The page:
Your Personality Word is experienced often by those around you and people may describe it as part of your personality.

Your Verb represents your primary mode of action in the world, your way of being.

Together, they work like this:

Soul Descriptor = Internal Experience


Personality Descriptor = Noticed by Others/Outward Expression


Verb = What you do, your consistent action play


Expression Élan

Now that you know what you’re trying to excavate, you may be wondering how in the world to do it. I know from getting to work with many individual business owners on core messaging and brand style that landing on how we want to express ourselves in business is really tricky and frustrating for so many.  Good news – in next week’s article, I’ll share my sure-fire process with you.

Until next week, you can read testimonials and learn more here



Your Expression Élan Could Mean Love at First Sight (Part 1)

ExpressionElan-button-150x150At some point, you’ve probably seen an ad or website for Coca-Cola. Have you ever noticed how you feel when you see the logo/colors?  In an instant you get a sense of what the company is about…classic, iconic, family-oriented. They use a traditional font and color scheme that tells you they’ve been around for a while, they keep their website and products simple, and they post information like recipes and contests that are meant for families to share. Their message is strong and clear. Can you say the same?

If each of us could explore and understand ourselves and our message as well as Coca-Cola, success is eminent. Your Right Client will be able to identify exactly what you do and who you are in an instant…and they will decide if they have fallen in love with you or not. That’s right! Love (or lack there of) at first site does exist.  It’s human nature to determine whether or not we like someone or something within 7 seconds of experiencing it/them using our 5 senses. Identifying your natural style of expression and allowing it to shine through is what I call your Expression Élan.   It is three words that you choose as reflections of your most authentic, powerful expression. It is your best resource for your self-expression and business communication.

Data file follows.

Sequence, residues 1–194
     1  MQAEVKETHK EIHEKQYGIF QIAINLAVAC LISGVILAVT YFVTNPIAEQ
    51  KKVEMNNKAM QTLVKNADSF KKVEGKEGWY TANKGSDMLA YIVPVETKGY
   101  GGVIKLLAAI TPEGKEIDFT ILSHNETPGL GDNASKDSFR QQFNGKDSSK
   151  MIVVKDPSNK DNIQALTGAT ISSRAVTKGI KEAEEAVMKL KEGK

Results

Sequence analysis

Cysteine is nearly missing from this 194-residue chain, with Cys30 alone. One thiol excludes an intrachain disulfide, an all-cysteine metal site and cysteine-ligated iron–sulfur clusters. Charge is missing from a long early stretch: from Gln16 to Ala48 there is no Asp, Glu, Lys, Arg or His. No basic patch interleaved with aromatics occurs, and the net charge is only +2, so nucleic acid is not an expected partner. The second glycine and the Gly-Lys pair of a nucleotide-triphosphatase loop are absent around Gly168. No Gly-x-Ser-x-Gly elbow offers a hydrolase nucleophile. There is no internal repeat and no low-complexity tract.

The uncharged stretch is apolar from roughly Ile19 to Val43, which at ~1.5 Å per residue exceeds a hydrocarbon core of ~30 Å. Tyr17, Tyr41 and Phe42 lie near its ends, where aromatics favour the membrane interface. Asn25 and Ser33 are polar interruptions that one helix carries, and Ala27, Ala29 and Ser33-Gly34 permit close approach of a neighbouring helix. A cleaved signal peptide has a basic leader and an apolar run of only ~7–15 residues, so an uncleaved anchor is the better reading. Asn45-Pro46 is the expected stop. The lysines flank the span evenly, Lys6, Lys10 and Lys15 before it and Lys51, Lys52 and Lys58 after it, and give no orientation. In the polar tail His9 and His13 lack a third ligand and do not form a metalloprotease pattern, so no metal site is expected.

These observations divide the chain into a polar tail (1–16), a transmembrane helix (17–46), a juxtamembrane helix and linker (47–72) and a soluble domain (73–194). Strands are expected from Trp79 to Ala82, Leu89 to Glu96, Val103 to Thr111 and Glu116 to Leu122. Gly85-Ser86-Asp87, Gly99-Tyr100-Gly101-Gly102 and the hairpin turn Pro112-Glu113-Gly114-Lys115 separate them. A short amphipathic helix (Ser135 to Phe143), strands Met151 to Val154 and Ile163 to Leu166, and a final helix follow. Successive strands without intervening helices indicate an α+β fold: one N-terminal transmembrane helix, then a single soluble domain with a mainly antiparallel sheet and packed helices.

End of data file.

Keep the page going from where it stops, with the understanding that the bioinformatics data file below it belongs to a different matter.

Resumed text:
From the language you choose in your marketing materials and business planning to the colors and images you associate with your brand, your Expression Élan will provide the zing that makes your business exciting and intriguing to your potential clients. I’ll talk more about what each word should represent and how to reveal it in next week’s blog.

In the meantime, If you want to read the excited stories of those who’ve revealed their Expression Elans, you can do that here

What to Do on Your Working Retreat (part 4 in series)

In this working retreat series, I’ve covered:

  1. What is a working retreat and why you really should take one
  2. Where to go on working retreat
  3. How to afford a working retreat on any budget

And in this final video on what to do on your working retreat, I’ll share the way I structure my own working retreat days to get the most out of the experience. I’ll talk about the flow of the day(s) – digging in, expansion, contemplation. I also talk about the ways I weave in fun and non-working breaks.

In this video, I also share with you some essential supplies for a fun and productive working retreat. In case you need this supply list in writing, here it is:

  • large whiteboard (two, ideally)
  • many colors of dry erase pens
  • large flip chart size post-it paper
  • many colors of sharpies or watercolor based flip chart pens.
  • Also useful: a blank calendar, healthy food & drinks and walking shoes.

Note: I don’t know how I didn’t mention it in the video but I get tons of writing and video production done on working retreats as well. After all of that planning, checking in with my vision and contemplation, I often get to the gritty work of pen to paper (letters on screen) and set up a video studio to shoot a bunch of videos in the beautiful space of my retreat. So consider putting big writing and video, painting or other art-centered projects on the “To Do” list for your working retreat. They are perfect for the retreat energy!